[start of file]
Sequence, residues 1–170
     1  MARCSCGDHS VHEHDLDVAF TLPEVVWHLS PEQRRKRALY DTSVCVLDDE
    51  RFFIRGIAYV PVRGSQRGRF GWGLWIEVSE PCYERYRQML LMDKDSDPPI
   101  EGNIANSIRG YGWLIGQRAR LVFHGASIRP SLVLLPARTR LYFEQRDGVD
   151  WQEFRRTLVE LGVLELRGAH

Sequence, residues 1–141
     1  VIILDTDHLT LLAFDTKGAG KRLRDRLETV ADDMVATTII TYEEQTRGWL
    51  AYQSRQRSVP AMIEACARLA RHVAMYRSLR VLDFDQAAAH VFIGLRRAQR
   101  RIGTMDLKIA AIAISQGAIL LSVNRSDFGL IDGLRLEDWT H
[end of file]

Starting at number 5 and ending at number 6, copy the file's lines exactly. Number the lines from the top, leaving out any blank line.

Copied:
   151  WQEFRRTLVE LGVLELRGAH

Sequence, residues 1–141